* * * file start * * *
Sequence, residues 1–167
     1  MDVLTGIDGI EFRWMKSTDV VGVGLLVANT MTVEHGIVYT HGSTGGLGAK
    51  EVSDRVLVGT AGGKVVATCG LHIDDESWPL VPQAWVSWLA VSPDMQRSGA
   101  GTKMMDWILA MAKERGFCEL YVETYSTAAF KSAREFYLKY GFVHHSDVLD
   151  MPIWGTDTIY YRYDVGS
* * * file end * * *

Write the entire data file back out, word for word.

Sequence, residues 1–167
     1  MDVLTGIDGI EFRWMKSTDV VGVGLLVANT MTVEHGIVYT HGSTGGLGAK
    51  EVSDRVLVGT AGGKVVATCG LHIDDESWPL VPQAWVSWLA VSPDMQRSGA
   101  GTKMMDWILA MAKERGFCEL YVETYSTAAF KSAREFYLKY GFVHHSDVLD
   151  MPIWGTDTIY YRYDVGS